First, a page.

|Publication number||US4391833 A|
|Application number||US 05/899,238|
|Publication date||Jul 5, 1983|
|Filing date||Apr 24, 1978|
|Priority date||Sep 4, 1975|
|Publication number||05899238, 899238, US 4391833 A, US 4391833A, US-A-4391833, US4391833 A, US4391833A|
|Inventors||Robert W. Self, Allan A. Whillock|
|Original Assignee||International Paper Company|
|Export Citation||BiBTeX, EndNote, RefMan|
|Patent Citations (19), Non-Patent Citations (1), Referenced by (74), Classifications (24), Legal Events (1)|
|External Links: USPTO, USPTO Assignment, Espacenet|
This is a continuation of application Ser. No. 610,448, filed Sept. 4, 1975, now abandoned.
This invention relates to a heat resistant paperboard product. More specifically, this invention relates to a coated heat resistant paperboard product which may be constructed into a container for food to be used in either conventional or microwave ovens.
In the past, containers for food to be cooked therein have generally been manufactured from aluminum. However, with the increasing cost of aluminum raw material and the increasing use of microwave ovens in which food material lying directly against the aluminum cannot be heated, such containers have become increasingly impractical.
In considering alternative materials for containers in which food may be cooked, several characteristics are desired. First, the part of the container which is in contact with the food should provide a good barrier to the constituents of the food such as water and grease. Second, for aesthetic reasons the container should retain its brightness upon heating. Third, the material should have little tendency to blister or explode under cooking conditions and otherwise should be stable. Additionally, the material should be suitable for cooking in both conventional and microwave ovens. Finally, the alternative material should not affect the taste of the food cooked therein.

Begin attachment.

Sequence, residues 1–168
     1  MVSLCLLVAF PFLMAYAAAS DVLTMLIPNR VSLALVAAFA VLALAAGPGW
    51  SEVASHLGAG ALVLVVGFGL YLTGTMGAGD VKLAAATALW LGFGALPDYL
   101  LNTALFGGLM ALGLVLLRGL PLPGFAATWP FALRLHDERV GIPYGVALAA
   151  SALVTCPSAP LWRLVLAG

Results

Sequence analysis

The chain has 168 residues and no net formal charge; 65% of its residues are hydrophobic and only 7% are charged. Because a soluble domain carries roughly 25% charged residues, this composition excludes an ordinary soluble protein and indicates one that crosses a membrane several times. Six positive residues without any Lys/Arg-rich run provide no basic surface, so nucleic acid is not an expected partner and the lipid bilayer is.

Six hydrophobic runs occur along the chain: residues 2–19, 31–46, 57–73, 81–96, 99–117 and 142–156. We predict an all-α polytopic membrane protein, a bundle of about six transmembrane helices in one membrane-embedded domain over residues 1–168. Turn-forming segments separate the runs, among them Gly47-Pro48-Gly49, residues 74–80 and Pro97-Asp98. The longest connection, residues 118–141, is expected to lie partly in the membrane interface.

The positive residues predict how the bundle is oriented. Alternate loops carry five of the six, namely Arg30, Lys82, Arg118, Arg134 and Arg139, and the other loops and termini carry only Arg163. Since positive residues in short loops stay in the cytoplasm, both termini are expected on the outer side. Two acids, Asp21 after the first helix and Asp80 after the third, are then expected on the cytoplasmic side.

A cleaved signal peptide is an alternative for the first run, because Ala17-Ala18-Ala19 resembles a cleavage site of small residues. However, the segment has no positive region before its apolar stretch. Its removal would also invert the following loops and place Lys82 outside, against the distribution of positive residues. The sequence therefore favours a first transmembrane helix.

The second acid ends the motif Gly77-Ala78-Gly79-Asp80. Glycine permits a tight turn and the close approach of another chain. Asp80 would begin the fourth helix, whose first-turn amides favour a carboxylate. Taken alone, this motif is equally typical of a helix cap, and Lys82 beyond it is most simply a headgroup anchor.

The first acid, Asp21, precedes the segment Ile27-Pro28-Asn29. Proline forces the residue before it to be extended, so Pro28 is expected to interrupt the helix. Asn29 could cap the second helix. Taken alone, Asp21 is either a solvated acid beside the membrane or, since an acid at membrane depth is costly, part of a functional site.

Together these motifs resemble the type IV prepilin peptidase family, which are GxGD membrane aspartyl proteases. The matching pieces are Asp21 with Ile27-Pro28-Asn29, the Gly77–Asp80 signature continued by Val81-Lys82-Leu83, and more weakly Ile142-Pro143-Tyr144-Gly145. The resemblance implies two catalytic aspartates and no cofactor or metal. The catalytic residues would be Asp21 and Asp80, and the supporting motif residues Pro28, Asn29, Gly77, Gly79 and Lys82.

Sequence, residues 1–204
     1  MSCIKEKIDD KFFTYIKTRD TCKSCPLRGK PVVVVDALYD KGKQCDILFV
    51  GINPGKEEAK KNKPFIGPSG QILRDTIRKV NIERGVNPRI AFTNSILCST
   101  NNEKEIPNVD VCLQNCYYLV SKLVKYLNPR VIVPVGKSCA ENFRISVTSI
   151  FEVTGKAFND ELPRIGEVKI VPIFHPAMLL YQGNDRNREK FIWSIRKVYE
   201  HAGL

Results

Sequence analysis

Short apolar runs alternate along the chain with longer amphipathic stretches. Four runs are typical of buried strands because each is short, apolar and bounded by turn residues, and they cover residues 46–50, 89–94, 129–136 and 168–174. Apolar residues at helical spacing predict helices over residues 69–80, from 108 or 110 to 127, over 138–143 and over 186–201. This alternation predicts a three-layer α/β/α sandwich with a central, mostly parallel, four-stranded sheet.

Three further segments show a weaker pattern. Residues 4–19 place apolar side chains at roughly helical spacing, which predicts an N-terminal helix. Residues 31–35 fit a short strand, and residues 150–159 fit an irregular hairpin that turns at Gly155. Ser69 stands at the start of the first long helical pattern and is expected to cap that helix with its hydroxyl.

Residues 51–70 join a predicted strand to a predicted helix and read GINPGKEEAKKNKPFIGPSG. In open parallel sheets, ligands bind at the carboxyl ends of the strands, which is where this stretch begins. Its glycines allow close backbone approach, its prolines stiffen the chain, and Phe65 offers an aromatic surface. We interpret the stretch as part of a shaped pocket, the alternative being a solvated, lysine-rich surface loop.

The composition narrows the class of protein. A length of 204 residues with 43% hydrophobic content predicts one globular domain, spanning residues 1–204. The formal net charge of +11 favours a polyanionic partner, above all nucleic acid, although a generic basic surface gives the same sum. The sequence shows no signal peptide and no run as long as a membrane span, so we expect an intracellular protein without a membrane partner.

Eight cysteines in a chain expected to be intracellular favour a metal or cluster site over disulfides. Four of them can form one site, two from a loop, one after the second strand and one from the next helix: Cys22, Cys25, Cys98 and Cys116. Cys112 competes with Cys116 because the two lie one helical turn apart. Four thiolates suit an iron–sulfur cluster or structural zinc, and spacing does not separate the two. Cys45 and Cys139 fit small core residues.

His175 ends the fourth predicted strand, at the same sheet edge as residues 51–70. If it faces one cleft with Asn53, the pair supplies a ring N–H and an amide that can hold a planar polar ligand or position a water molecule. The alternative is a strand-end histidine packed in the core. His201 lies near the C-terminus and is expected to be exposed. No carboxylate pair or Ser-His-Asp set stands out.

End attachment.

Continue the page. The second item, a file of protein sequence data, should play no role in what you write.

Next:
The heat resistant paperboard product of our invention has the above characteristics and therefore, is a desirable material to be employed in containers for T.V. dinners and the like.
Broadly, the heat resistant paperboard product of our invention comprises a paperboard substrate coated on one side with an impermeable layer containing a binder and an opaque pigment, and coated on its opposite side with a water permeable layer containing a binder and an opaque pigment. According to one embodiment of our invention, the pigmented impermeable layer is applied to the paper substrate by extrusion coating while the permeable layer is applied by first dispersing the constituents into water and then applying the dispersion to the paper substrate with a puddle coater. The heat resistant paperboard product is then dried to reduce the water therein.
The heat resistant paper product of our invention may be constructed into a container for cooking all types of food in both conventional and microwave ovens. The container is constructed so that in use the food is in contact with the impermeable layer of the paperboard substrate, thereby insuring that food constituents do not seep into the paperboard. Further, as a result of the opaque, preferably white, pigment contained in the layers, the container retains much of its brightness and shows very little evidence of discoloration or scorching caused by pyrolosis and oxidation of the cellulose in the paperboard substrate. Additionally, the steam produced from the moisture present in the paperboard during cooking may escape through the permeable layer thereby avoiding blistering, puffing or exploding of the paperboard. Finally, in our preferred embodiments, the taste of food is substantially unaffected when cooked in the containers of our invention.